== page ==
In Manhattan, New York, a man was juggling barefoot along the street when curiously, a woman asked why. His reply: ‘I want to know how it feels because I am writing a play set in Africa!’ Two years ago, Prof Wole Soyinka admonished younger writers to interest their imagination in science fiction and space literature. This is correct. But when measured against reality, it is ridiculous. How many publishers will accept such manuscripts from African artists? Which award can such win? The BBC annual radio drama competition explicitly states that entries must deal with African issues. And when you scan the winning entries for years past as adjudged by the Whiteman, the themes are really “African”: HIV/AIDS, poverty, wars, prostitution, human trafficking, dictatorship and other bad things. We have allowed outsiders to define, to determine, circumscribe and limits us. That is why when the Blackman is engaged in certain activities like playing or listening to classical music or in America, getting good education or getting high grades, they say he is acting white!
Beneath the controversy over the Zuma monument in front of the Nigerian House in New York is: in terms of content, form and style, what truly constitute Nigeria (African) artistic parameters or what is “western aesthetic traits”. On every account, Fred Okon Archibong the sculptor insisting or replacing the monument is wrong. He is seized completely with a nativist consciousness: a separatist thought in the anti-imperialist nationalism. In his terms, what and what constitute what is ‘African (Nigerian) cultural taste’? Must Nigerian culture or arts remain frozen, fossilized in history? Must it be organically dead to marriage or modernization? These are the issues Olu Oguibe raised in his collection of essays, The Culture Game. A civilization is the summation of a people’s arts, culture and technological know-how. Western civilization is great today because it is not nativist in orientation. They took and stole creatively (otherwise called got inspired) from other diverse civilizations in history. African in order to be great must do the same. Elements from surrealism, renaissance, Chinese arts, Gustave Dore’s impressive use light in landscapes, the sculptural works of Michelangelo, Augusto Rodin, Eduardo Paolozzi, even the postmodern razzmatazz of Jean Basquiat masquerading as childhood paintings also should constitute African heritage too. What is African in all facets of arts and architecture is:
- elements from the old traditional African arts;
- elements from this old tradition that has been creatively stylized, hence making it modern (Africa Remix);
- the fusion of anything from old or new Africa married with foreign aesthetics;
- Anything, be it western, eastern, Arabic, or Eskimo, brilliantly and successfully utilized by any African becomes African too.
A version of this last point is raised in Paulin Hountondji’s classic offering, African Philosophy: Myth and Reality. It sounds so contentious because, in the third world arts and culture, there is a pervas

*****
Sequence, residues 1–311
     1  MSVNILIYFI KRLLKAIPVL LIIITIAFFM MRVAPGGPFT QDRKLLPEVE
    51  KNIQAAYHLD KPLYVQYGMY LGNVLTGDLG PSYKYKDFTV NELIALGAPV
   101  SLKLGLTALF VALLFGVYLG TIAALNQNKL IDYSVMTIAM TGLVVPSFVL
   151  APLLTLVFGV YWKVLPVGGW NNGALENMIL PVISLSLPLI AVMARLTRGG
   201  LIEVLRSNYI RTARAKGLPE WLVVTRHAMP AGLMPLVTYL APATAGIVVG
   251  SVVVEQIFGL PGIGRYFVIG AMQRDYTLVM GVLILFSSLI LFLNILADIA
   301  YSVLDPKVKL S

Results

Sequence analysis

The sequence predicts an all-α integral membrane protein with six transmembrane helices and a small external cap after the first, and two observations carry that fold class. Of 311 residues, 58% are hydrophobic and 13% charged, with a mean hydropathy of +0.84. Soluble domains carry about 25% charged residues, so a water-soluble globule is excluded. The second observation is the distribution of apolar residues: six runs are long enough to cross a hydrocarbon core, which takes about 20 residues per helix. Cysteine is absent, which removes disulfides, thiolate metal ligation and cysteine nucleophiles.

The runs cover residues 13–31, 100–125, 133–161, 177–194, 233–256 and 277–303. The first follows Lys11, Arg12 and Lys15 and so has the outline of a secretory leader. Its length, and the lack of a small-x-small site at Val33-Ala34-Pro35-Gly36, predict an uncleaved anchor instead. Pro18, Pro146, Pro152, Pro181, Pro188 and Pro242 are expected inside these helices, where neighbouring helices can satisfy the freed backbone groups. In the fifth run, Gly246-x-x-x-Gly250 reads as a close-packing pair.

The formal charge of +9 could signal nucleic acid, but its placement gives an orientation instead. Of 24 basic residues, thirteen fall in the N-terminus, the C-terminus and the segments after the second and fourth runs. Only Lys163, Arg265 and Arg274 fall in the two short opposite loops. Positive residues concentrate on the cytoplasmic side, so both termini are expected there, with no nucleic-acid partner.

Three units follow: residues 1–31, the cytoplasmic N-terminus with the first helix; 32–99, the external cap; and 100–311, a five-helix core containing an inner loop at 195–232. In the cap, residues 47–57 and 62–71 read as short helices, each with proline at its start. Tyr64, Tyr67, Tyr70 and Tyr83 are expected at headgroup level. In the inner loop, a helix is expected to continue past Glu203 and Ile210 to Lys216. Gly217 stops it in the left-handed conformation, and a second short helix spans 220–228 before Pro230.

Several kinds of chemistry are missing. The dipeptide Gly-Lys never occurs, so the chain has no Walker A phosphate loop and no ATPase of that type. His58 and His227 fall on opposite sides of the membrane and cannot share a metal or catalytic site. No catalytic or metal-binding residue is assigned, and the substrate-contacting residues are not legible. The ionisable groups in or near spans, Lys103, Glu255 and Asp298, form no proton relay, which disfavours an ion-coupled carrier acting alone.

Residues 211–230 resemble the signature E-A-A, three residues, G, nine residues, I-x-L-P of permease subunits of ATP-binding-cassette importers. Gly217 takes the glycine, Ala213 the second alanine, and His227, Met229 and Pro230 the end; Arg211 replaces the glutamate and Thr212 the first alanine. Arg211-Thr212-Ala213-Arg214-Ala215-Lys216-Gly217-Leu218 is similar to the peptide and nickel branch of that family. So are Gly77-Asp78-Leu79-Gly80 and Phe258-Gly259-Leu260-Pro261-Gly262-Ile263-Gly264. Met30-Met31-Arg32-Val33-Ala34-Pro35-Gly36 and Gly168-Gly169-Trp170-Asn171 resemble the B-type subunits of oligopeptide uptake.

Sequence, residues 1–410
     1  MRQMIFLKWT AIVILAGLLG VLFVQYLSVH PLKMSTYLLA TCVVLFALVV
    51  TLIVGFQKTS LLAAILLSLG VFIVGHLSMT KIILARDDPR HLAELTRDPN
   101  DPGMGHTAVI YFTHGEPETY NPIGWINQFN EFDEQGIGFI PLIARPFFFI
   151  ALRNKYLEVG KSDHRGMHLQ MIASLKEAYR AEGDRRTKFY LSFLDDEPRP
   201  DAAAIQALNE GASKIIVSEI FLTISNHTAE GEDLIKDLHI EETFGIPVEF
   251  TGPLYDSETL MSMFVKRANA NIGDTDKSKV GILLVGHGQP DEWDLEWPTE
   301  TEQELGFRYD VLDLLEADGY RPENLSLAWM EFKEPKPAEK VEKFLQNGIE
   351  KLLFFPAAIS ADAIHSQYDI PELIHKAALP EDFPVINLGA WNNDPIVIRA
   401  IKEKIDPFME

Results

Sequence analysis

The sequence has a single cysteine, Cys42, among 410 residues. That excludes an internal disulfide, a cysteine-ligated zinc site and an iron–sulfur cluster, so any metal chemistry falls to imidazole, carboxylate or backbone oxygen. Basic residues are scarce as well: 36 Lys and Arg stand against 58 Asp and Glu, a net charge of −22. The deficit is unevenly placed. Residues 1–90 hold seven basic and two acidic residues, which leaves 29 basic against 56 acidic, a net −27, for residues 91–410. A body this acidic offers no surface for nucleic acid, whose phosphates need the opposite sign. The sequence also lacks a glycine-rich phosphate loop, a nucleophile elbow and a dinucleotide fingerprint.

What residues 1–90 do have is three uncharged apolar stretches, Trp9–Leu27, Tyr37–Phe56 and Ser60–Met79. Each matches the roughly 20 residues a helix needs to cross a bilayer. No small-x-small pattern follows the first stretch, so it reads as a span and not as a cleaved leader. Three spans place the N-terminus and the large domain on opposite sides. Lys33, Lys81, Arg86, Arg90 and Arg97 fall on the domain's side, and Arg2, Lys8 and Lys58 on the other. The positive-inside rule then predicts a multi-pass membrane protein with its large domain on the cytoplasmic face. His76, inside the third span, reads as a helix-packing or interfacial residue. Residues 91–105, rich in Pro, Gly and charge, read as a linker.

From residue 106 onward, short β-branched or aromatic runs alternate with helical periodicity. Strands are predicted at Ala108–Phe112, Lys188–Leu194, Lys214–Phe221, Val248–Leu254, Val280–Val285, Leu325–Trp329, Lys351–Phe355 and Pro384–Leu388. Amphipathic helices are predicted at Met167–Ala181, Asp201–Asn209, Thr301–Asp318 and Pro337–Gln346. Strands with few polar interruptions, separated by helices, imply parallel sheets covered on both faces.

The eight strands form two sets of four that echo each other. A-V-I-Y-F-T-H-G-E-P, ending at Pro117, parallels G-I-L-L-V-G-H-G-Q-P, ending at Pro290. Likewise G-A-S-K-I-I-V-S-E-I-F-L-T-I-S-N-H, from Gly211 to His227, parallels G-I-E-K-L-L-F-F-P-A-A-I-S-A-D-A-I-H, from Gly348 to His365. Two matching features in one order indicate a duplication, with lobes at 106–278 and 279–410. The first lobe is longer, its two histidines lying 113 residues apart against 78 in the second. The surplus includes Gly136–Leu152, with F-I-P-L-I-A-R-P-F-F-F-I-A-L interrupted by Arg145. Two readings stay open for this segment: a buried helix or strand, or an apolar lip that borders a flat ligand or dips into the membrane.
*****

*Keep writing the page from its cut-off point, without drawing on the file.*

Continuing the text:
ive dictatorship of nativist consciousness. But when you examine how other great civilizations were able to take or steal from others and make it their own, it is true.
Not accepting the evaluations placed on his sculpture, in a reply, Billy Omabegho explained the “Nigerian” concepts and the symbolic gestures with which his “visually dynamic” Zuma resonates. To allow that monument to be removed is to triumph the retrogressive nativist consciousness. What is more, Archibong, to nullify Zuma’s Nigerian citizenship says its creator is ‘American-based’. Omabegho quickly replied that he just of recent ‘voyaged in’ to America. America-based or not, does not detract from the indigenous citizenship of the piece. Because Uzo Egonu, Yemi Shonibare, Chris Ofili, Lamidi Fakeye, Moyo Okediji, curator Okwui Enwezor, have settled in the West for decades, does it mean that the works they have produced since then are no longer African? Fed Archibong’s arguments are so cheap that they bother on the simplistic.
We are again told that it is the Federal Government that wants to replace the monument but instead of its voice, that of Fred Archibong that we keep on hearing on every issue even on ones that are not his business. It is he who wants to replace the sculpture at all cost not the FG. Even though he is just a consultant to the presidency on Arts and Culture, he is the judge, the jury, the prosecutor and the executor all at once. This does not delight ethics. Why is he bent on replacing Omebegho’s giant sculpture with his own? Why not with other’s? Is his commission to do the replacement an open bid, a democracy or a cult meeting? How was he really selected?
When asked what motivated his campaign he said: ‘The idea actually came when I was holding my last exhibition in New York. One of the diplomats (we challenge him to mention the name of this Whiteman diplomat. Does he have an expert sensibility on arts? Is he an arts connoisseur with intelligent arts interpretation skills?) there who witnesses the kind of reception my work got said, ‘Fred, don’t you think you can do something Nigerian for the Nigerian House?’
The emphases are mine but they represent the tropes of what is wrong with Fred Okon Archibong, his argument and his campaign. Beauty in African arts, is a definition from the Whiteman. Definition belongs to the definers not the defined.